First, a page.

Marty Strumpf, a past nominee for the New Jersey PGA Section Teacher of the Year and Junior Golf Leader awards, is the PGA head professional at Farmer Brown’s Golf Center in Farmingdale, N.J.
Marty Strumpf on the importance of listening to the students’ needs and desires:
I think you can categorize why individuals take golf lessons in the following way: Absolute beginners with no experience who want to learn the game; slightly experienced golfers who just want to get better; experienced golfers who seek consistency; experienced golfers with a specific ball contact/flight issue; and advanced skill level golfers with specific scoring/performance goals. It is vital when first speaking with the student to determine which category they fall into. An experienced golfer who tells you that they slice every drive they hit, and is ready to quit the game because of it, is probably not interested that you know their problem is not just with the driver. Do what you have to fix their drives! When you are at the end of the session, explain to them that you can help with other areas of their game as needs arise. This concept of listening carefully to the student really hit home when I attended a seminar presented by Jim Hardy. While Mr. Hardy elaborated on the concepts of the “Plane Truth,” he reminded us that the 25-handicapper who just wants to learn how to hit a draw doesn’t care if he’s still a 25-handicap! He just wants to experience seeing a ball curve in the opposite direction for a change, so give him/her what they want. Don’t go overboard or crazy, as it is not necessary to reinvent the wheel. Listening to the student is vitally important as it lets the student know that you truly care about what they want. That’s what they are paying you for, not just your expertise. From the teacher’s perspective, listening carefully to their wants and needs keeps you focused on each individual case. During a long day of teaching it is easy to lose focus, so by listening carefully to what each student wants your brain can formulate a specific action plan for each session. It helps you avoid just “going through the motions” of giving a golf lesson.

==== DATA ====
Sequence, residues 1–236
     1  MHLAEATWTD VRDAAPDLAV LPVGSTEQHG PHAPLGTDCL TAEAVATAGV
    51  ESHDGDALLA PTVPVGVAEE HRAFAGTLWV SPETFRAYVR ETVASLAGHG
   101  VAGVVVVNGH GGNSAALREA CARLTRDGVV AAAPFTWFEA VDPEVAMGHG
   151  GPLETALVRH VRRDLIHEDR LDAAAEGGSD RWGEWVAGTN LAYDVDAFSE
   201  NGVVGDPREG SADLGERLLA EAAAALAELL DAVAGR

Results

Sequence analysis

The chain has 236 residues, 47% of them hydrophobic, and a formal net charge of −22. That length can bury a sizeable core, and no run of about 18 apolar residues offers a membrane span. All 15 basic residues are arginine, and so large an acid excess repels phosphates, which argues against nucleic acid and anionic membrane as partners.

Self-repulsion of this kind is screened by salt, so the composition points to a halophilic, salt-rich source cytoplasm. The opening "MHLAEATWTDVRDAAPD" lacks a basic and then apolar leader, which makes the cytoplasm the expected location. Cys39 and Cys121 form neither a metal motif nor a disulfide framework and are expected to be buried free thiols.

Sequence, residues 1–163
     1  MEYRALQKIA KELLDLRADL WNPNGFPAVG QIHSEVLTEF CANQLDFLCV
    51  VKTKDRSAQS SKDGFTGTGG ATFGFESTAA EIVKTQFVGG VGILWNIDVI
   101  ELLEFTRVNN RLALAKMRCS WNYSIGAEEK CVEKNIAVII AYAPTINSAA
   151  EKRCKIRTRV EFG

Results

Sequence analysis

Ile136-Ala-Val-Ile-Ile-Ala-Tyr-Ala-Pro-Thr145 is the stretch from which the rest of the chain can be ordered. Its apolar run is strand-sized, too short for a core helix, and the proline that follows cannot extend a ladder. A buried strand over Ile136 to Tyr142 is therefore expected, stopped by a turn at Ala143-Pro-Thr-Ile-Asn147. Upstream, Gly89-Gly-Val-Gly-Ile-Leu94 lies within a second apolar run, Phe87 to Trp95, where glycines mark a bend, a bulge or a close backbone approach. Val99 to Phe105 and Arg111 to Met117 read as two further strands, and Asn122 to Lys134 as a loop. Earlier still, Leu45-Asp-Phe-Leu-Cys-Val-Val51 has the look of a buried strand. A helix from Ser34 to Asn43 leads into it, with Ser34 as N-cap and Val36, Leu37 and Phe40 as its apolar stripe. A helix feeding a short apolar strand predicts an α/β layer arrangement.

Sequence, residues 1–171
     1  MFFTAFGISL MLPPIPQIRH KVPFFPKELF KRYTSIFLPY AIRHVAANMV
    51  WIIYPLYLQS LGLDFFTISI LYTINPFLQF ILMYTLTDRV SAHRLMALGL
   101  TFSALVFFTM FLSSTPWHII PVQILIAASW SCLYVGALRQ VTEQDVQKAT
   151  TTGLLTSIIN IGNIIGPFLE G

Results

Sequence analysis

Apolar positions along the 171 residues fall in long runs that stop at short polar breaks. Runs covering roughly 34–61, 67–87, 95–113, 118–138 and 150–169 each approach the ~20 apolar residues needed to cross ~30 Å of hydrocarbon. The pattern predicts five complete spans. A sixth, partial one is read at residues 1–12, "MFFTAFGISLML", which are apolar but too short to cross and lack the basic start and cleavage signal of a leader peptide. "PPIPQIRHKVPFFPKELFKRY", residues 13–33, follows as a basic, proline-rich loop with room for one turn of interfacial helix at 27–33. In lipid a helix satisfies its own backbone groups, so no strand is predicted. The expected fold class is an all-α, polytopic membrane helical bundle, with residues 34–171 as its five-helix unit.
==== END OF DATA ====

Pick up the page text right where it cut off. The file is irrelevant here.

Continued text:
Marty Strumpf on the business impact of listening to the students’ needs and desires:
Listening to the students’ needs has allowed me to build a large clientele by word of mouth alone. I quickly established a reputation as an instructor who cares and listens to each student and is not trying to push a system. In my 18 years at Farmer Brown’s Golf Center I have given more than 20,000 individual private lessons without any advertising! By catering to each individual’s needs both in teaching and clubfitting, golfers know they always receive great service at our facility. This has allowed us to remain steady during difficult economic times. Individuals who come for a single lesson/fix usually wind up signing up for a series of lessons because they know I can help them in other areas. As a result, my students leave satisfied because they get what they came for.